John Turner, II, Ph.D. (Advisor); David Ball, Ph.D. (Committee Member); Petru Fodor, Ph.D. (Committee Member); Xue-Long Sun, Ph.D. (Committee Member); Yan Xu, Ph.D. (Committee Member); Aimin Zhou, Ph.D. (Committee Member)

Subjects:

Analytical Chemistry; Chemistry; Scientific Imaging

Keywords:

hyperspectral imaging; chemical imaging; data reduction; image segmentation; direction cosine; principal component analysis; PCA; reduction of spectral angle; ROSI; digital micromirror device; spatial multiplexing;

Henry, Emily BrookeStochastic Modeling of Geometric Mistuning and Application to Fleet Response Prediction
Master of Science in Engineering (MSEgr), Wright State University, 2014, Mechanical Engineering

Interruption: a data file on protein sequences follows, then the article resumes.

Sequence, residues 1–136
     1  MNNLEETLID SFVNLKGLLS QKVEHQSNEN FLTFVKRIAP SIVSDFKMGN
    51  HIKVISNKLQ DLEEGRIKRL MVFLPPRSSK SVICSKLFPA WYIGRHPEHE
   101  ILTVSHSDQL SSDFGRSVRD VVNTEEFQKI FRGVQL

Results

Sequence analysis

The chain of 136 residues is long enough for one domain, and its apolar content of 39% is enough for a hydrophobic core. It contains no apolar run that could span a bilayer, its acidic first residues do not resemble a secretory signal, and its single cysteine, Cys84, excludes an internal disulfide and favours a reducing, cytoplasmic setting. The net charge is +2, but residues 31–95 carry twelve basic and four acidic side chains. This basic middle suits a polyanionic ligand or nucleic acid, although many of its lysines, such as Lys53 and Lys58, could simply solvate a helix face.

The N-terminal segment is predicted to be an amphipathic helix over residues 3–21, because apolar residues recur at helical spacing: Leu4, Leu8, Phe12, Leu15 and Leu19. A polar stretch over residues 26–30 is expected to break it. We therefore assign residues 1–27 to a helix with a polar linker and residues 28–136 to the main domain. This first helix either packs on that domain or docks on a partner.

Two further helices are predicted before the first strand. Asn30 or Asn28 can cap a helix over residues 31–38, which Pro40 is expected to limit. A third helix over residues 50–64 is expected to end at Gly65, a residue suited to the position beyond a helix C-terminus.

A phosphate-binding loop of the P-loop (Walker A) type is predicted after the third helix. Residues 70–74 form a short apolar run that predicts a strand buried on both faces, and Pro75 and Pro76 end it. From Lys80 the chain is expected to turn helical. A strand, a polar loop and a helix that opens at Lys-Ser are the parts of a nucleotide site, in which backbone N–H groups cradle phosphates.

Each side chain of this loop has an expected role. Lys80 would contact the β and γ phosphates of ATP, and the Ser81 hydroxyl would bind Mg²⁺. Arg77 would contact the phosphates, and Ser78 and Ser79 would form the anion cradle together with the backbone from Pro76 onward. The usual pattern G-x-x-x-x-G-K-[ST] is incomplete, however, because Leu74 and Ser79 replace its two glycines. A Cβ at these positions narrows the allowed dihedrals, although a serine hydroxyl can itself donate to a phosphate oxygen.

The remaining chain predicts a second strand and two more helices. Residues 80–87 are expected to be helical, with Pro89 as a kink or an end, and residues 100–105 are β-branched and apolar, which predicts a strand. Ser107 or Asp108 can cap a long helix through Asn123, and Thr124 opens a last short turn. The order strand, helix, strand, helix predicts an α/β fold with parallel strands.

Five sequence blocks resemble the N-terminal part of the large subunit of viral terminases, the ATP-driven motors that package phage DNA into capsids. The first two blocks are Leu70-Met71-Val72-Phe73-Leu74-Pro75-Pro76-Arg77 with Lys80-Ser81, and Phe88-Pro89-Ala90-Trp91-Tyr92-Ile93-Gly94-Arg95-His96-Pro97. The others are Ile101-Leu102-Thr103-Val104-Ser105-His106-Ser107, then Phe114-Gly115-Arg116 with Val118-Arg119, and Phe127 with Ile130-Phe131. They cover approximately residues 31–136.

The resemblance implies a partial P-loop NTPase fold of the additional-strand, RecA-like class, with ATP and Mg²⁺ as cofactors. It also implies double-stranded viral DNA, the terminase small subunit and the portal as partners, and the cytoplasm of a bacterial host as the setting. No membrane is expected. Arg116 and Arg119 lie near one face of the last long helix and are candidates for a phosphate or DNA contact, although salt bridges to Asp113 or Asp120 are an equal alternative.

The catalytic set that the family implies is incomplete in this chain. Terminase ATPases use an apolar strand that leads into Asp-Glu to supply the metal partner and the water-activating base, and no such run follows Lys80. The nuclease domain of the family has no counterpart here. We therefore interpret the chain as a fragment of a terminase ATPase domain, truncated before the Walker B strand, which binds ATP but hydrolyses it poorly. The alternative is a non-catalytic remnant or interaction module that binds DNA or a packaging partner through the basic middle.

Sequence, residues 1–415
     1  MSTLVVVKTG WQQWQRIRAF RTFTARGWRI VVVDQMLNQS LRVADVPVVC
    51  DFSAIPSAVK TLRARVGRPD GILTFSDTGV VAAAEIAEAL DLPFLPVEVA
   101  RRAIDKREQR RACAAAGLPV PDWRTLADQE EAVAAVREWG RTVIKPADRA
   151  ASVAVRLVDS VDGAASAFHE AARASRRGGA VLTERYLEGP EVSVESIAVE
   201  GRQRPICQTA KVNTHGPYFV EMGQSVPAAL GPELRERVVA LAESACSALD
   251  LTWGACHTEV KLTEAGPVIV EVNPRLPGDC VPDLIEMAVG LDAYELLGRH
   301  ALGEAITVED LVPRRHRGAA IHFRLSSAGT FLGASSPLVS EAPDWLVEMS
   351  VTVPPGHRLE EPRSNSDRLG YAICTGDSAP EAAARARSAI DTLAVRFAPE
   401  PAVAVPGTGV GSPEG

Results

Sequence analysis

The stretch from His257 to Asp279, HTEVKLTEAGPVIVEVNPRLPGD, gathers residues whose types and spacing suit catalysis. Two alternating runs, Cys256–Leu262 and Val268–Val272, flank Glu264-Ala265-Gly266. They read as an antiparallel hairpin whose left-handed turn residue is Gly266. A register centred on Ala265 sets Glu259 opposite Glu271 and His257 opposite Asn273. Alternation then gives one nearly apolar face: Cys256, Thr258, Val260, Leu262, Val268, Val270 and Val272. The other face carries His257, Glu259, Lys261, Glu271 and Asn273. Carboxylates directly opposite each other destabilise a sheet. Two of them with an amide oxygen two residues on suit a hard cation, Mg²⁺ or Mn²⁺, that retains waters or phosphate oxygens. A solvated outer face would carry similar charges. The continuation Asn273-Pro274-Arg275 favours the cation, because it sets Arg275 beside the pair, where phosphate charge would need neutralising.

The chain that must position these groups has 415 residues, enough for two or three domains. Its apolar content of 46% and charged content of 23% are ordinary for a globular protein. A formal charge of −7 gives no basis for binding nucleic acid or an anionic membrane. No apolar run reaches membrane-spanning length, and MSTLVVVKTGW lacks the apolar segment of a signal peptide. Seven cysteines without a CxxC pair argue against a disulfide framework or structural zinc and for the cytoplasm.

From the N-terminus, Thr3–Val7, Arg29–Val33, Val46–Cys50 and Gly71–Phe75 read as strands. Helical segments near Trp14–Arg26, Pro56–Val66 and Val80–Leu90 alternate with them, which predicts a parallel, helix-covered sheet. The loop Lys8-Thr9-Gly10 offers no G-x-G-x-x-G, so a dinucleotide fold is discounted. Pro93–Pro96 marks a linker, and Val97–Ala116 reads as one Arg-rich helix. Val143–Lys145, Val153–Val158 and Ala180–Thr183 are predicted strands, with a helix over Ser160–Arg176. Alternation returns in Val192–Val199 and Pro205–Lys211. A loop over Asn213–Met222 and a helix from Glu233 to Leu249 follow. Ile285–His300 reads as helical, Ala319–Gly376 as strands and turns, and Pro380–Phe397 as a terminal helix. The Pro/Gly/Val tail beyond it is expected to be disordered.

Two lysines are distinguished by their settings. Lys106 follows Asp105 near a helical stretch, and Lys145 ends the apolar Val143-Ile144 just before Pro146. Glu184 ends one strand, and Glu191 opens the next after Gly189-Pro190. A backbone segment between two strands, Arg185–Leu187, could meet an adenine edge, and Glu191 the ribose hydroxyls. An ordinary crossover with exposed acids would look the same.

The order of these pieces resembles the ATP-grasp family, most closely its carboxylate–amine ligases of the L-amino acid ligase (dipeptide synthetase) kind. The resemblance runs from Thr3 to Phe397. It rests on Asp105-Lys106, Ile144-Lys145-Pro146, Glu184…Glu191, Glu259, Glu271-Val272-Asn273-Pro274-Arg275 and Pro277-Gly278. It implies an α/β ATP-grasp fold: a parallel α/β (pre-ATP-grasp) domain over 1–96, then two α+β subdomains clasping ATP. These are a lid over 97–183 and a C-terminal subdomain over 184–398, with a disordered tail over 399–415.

An improved spatial statistical approach and probabilistic prediction method for mistuned integrally bladed rotors is proposed and validated with a large population of rotors. Prior work utilized blade-alone principal component analysis to model spatial variation arising from geometric deviations contributing to forced response mistuning amplification. Often, these studies considered a single rotor measured by contact probe coordinate measurement machines to assess the predictive capabilities of spatial statistics through principal component analysis. The validity of the approach has not yet been demonstrated on a large population of mistuned rotors representative of operating fleets, a shortcoming addressed in this work. Furthermore, this work improves the existing predictions by applying principal component methods to sets of airfoil (rotor) measurements, thus effectively capturing blade-to-blade spatial correlations. In conjunction with bootstrap sampling, the method is validated with a set of 40 rotors and quantifies the subset size needed to characterize the population. The work combines a novel statistical representation of rotor geometric mistuning with that of probabilistic techniques to predict the known distribution of forced response amplitudes.